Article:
National Parks / Natural World
Dismals Canyon Phil Campbell
Where is it at?
901 Highway 8
Tel: 205 993 4559
Where are we going today?
If you want an incredible experience in stunning Alabama wilderness, and Dismals Canyon is a must for families - especially if you LOVE the outdoors!
Dismals Canyon gives you a private experience, with pristine surroundings. It's one of the state's last secret hiding places - a real unspoilt oasis!
Tucked deep within the foothills of the Appalachian Mountains, Dismals Canyon is 85 acres of nature privately owned and operated. In 1975 it was designated a National Natural Landmark, so you know it's going to be pretty special!
When you arrive, you will be surrounded by incredible sights, from the winding stream that enters the canyon through the roaring Rainbow Falls.
For those who like to get out on the trails, there are 1.5 miles of hiking trail across the canyon floor, where you will pass thundering waterfalls and skyreaching boulders, leading you into a secret world of ferns, giant trees and moss.
During the summer time, Dismals Canyon is cool and inviting. If you love to make a splash during summer, swimming is available too, which is always great fun!
Recreation is all natural here! There are no spots for RVs, and you won't find man made pools. It's all taking you back to a time when the water was clear and the earth was clean!
Dismals Canyon will let kids experience how the canyon has looked for centuries, and it's waiting to be enjoyed!
Gone twilight, the canyon lights up with tiny bioluminescent creatures called Dismalites. Guided night tours allow visitors to see these unique insects so make sure you don't miss out!
Amazing natural wonders in Alabama that you won't want to miss.
How much does it cost?
- Adults$8 guided night tour. $10 self guided day tour
- Children$5.75 guided night tour. $6.75 self guided day tour
When can we go?
Monday to Thursday noon to 5pm; Friday noon to 8pm; Saturday 9am to 9pm; Sunday 9am to 5pm.
Season opens for day guests March. Tours and cabins 365 days.
There are group tours available, as well as discounts for schools and scouts. The tours are an amazing way to teach kids about nature, so don't miss out!.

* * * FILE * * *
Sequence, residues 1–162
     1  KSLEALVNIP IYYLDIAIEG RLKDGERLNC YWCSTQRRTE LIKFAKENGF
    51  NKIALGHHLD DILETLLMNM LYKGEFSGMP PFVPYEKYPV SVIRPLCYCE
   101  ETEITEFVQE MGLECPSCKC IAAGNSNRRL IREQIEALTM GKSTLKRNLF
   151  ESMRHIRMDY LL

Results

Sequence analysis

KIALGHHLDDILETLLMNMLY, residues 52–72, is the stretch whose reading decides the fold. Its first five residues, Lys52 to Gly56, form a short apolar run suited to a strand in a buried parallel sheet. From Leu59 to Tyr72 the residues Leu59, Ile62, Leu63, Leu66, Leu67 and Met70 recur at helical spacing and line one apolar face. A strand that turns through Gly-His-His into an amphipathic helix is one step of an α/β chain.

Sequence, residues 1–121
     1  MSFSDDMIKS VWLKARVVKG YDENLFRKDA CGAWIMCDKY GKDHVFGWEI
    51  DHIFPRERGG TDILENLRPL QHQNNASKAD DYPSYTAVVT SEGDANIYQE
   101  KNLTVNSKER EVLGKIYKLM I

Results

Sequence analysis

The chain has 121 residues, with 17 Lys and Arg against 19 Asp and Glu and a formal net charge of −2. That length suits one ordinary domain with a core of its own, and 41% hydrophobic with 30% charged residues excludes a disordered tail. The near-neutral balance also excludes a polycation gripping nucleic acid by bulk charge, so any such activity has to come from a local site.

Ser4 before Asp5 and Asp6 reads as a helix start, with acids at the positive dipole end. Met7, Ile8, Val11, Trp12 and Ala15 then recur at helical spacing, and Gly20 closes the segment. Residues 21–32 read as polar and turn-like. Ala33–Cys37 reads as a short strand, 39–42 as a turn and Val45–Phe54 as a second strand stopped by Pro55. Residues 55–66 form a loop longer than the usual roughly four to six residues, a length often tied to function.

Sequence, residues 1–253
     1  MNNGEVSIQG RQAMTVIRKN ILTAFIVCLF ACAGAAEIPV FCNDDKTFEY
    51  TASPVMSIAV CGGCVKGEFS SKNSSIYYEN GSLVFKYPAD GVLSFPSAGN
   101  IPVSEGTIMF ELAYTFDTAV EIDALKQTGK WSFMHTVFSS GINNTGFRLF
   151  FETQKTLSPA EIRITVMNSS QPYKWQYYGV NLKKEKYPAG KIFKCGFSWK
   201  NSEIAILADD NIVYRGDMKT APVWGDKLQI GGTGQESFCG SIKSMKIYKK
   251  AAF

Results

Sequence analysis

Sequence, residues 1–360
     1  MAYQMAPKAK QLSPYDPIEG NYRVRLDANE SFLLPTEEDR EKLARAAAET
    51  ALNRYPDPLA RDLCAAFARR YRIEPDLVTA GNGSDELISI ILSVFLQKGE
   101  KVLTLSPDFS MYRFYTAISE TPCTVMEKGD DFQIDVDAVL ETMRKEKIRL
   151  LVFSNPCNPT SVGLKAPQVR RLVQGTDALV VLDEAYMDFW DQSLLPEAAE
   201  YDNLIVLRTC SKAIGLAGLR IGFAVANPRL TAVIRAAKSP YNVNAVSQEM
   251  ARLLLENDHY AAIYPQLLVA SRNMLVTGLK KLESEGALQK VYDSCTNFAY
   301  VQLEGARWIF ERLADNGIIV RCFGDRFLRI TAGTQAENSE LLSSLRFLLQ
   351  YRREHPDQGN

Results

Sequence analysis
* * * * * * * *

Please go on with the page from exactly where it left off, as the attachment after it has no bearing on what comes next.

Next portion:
You can pick up food in the Old Country Store, which is great for hikers and campers. It's your first stop in the cayon.
It's always a great idea to take healthy snacks and bottled water with you to ensure you stay hydrated and energized!.
Any Top Tips?
The temperature on the canyon floor during summertime runs some 14 degrees below Alabama's summer average. There are no mosquitoes, flies, or poison oak..
Doing our bit
The area is protected, so make sure you really look after the surroundings by picking up litter, and not taking away any thing you find..
Need a little extra help?
Speak to staff about accessibility as it's very natural and no paved areas.
Can I get one of those?
Shop at the Old Country Store in an atmosphere as old as the dust between the floorboards. Find glistening jars of candy, Indian wares, gifts, postcards and food for hungry campers!.
They offer rustic camping, as well as cabins if you wanted something more like home. Make sure you reserve a spot in advance..
What people are saying?
by Antonio Felguerez
Cabin was nice and the canyon was beautiful and interesting. Great mini-vacation destination
by Erica Benderman
by A Google User
Easily one of the most unique and gorgeous hidden natural wonders to be found across the state, and indeed the southeast in general. It's almost impossible to believe that such a tiny wonderland exists amongst the criss-cross of farmland and second growth forest west of the Bankhead NF, but this privately-owned little area is an experience you won't forget. The trails themselves are rough going at some points, and in varying degrees of shape and difficulty (it's a privately-run natural area, don't expect anything fancy) but to the careful hiker,...Read More
by chang liu
by Tommie Goodwin
by A Google User
Easily one of the most unique and gorgeous hidden natural wonders to be found across the state, and indeed the southeast in general. It's almost impossible to believe that such a tiny wonderland exists amongst the criss-cross of farmland and second growth forest west of the Bankhead NF, but this privately-owned little area is an experience you won't forget. The trails themselves are rough going at some points, and in varying degrees of shape and difficulty (it's a privately-run natural area, don't expect anything fancy) but to the careful hiker, this is a lovely place well worth the visit, especially in hot summer months as the the temperature is rather pleasant down in the canyon year round. Also of note, the EF-5 tornado that passed a mile east of the Canyon on Apr 27 2011 apparently did little if any damage to Dismals Canyon's facilities and forests, as far as I am aware.